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imagination, and may introduce episodes like the fables of Aristeus and Orpheus in the Georgics : But these digressions should always flow naturally from the subject, like small streams which wander from their native channel ; they should always be concise and illustrative of some truth advanced in the poem. In didactic poetry a skilful arrangement should be observed. The branches of its argument are always numerous, and of different hues; in order to render these harmonious and to avoid the incoherence of transition, much attention and art are necessary. As in a building the pillars should be placed where the greatest supports are required, and the ornaments should be exhibited where they will produce the most striking effect; so in a poem of the didactic nature, the arguments should be arranged so as best to uphold the doctrines maintained; and the sentiments and illustrations should follow each other in that order which experience declares is the most impressive.

The different kinds of didactic poetry are as numerous as the different forms of truth. take of a nature entirely speculative; others deliver precepts which conduce to practice and to the regulation of life. Hesiod has written tracts on husbandry. Lucretius has written a poem on nature. Virgil's Georgics deliver useful directions to rural

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life. Horace, Vida, and Boileau have taught the art of poetry. The Fleece of Dyer delights the lover of nature and instructs the husbandman. Pope has exhibited Man in various characters and under different circumstances. Somervile has unkennelled the hounds, mounted the steed, blown the horn of the huntsnian, and led on the chase. Akenside has unfolded the pleasures of imagination. Armstrong has taught the art of preserving health ; and Polwhele has exhibited the orator, and prescribed rules for his direction.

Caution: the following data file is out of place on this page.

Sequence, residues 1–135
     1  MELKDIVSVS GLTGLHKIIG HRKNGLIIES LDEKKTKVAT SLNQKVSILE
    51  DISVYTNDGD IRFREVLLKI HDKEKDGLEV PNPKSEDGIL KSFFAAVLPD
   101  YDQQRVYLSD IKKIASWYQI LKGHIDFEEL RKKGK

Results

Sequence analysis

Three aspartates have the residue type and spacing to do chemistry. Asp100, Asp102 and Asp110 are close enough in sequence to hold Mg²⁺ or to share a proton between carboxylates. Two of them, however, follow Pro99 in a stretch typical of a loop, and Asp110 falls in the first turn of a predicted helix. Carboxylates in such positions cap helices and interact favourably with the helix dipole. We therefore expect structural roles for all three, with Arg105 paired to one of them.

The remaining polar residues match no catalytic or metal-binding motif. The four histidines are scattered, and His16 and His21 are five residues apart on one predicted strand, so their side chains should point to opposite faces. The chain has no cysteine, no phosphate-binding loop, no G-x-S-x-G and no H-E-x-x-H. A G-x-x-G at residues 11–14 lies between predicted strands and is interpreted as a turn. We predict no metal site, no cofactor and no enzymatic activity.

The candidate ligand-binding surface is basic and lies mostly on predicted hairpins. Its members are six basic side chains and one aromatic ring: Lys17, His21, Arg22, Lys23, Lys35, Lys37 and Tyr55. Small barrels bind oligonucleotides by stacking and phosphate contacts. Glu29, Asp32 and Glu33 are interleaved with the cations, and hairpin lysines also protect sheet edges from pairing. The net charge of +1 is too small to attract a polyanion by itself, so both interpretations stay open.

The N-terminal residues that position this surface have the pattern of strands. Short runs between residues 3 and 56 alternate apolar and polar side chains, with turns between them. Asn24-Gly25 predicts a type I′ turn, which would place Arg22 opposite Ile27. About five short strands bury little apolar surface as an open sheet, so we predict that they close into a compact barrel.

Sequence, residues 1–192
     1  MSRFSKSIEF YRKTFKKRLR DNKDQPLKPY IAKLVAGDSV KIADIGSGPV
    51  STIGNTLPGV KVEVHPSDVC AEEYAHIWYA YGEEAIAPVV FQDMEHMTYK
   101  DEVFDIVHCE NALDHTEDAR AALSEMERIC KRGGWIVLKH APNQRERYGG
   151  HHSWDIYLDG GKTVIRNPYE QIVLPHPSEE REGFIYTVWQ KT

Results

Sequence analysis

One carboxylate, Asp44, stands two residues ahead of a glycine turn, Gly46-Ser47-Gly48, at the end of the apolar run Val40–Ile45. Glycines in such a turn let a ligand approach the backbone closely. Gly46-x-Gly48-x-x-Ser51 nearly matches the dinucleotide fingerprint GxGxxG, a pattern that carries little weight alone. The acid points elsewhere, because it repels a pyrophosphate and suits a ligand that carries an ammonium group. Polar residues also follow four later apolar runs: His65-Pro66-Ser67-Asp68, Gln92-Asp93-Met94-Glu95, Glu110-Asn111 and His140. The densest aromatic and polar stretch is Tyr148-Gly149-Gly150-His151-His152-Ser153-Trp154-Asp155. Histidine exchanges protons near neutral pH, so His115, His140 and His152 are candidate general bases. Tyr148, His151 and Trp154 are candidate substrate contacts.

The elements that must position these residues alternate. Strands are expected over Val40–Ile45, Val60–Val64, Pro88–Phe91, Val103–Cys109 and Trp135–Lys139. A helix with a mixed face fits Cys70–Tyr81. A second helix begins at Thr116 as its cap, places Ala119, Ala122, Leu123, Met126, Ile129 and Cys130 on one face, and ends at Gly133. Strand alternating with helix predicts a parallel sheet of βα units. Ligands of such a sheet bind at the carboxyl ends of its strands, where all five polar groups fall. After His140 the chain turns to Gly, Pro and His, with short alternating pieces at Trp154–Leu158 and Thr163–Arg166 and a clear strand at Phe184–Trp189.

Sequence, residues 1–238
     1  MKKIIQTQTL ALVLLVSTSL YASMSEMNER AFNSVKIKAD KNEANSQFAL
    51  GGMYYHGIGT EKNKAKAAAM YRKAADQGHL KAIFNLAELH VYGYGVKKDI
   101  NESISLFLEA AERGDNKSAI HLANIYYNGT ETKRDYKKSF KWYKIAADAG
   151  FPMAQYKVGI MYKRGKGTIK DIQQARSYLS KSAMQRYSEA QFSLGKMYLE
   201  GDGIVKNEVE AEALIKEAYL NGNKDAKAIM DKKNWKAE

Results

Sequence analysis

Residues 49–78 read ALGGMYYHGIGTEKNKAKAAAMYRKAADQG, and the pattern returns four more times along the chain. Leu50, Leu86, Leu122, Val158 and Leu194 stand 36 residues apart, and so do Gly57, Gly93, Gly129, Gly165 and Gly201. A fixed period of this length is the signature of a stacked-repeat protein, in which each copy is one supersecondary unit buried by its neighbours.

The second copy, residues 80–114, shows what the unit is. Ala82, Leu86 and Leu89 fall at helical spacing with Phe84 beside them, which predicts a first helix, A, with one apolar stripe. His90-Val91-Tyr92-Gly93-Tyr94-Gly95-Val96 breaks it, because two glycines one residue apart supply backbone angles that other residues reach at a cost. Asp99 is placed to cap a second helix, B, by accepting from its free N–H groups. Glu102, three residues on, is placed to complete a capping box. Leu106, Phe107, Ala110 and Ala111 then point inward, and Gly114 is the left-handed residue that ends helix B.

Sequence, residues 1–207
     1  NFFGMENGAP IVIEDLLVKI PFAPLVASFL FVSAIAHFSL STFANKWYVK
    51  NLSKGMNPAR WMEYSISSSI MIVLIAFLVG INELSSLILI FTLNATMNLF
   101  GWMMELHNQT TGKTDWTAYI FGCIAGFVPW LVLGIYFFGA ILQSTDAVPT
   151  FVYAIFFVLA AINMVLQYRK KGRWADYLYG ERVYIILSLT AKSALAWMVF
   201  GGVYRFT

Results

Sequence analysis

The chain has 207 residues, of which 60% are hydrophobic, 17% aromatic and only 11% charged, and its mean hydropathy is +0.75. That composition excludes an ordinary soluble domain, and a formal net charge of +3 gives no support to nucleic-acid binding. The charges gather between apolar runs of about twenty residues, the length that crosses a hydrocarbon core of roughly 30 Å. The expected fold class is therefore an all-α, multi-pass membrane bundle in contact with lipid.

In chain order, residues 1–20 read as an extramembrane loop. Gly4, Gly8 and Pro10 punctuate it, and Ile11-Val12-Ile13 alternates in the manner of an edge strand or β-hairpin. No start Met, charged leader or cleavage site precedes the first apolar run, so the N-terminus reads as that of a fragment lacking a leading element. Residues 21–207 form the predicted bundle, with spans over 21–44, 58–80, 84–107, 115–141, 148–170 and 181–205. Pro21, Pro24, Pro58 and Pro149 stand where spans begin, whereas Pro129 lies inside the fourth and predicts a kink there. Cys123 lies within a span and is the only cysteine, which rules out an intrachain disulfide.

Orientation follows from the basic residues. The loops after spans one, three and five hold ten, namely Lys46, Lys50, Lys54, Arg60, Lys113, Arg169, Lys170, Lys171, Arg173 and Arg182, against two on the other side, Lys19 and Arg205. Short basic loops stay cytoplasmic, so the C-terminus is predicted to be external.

After this view of the qualities necessary to the didactic poet, and of the difficulties attending the plan and the execution of didactic poetry; with the examples before me, of those great masters of genius, and of science, who have trodden its rugged paths with the toil and patience of years, I have ventured with the haste, eagerness, and rashness of youth, to invoke the same muse who has rewarded their toils, and to direct my course amidst regions hitherto unexplored.---May I hope to be heard ?

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THE DESIGN.

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GENIUS is the highest power of the soul, and opens before the poet a subject interesting and extensive. The different faculties which are subservient to its influence, have frequently undergone investigation; while genius itself, has seldom been examined with care. Genius receives assistance from all the intellectual powers; but it is, however, to be carefully distinguished from them. We often meet with works of great invention, abounding with errors: the defect then, is not in the genius, but in the assisting powers. Taste has been called passive genius. It is necessary to direct the wild sallies of imagination, and to regulate the course of the inventive mind. Taste is more generally bestowed on mankind than genius, and is dependent on cultivation and rules. Genius, though always incorrect without study and investigation, still overcomes every

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difficulty and penetrates through the thickest and most hidden recesses.

It stoops not to the smaller niceties of taste, but heedless of them, pours along its irresistible course. An excellent taste may exist with little invention, but invention is the distinguishing mark of genius. Taste is improved by the comparison of the different grades of sublimity and beauty. Genius, disdaining any imitation, strikes out a path for itself, wild and hazardous, where foot has never trodden. nius (says Lord Kaimes) is allied to a warm and inflammable constitution; delicacy of taste to calmness and sedateness; hence it is common to find genius in one who is a prey to every passion -but seldom delicacy of taste.”

The greatest incorrectness is frequently connected with genius. Numerous errors spring up in the most fruitful inind. The rich soil which gave birth to the oak, which waves its head in the tempest, also produces weeds and sickly flowers. The slightest impulse is at times sufficient to rouse the full strength of genius. A spark communicated excites the most terrible explosion. The greatest river proceeds from the smallest fountain, rolls its waves over a large extent of

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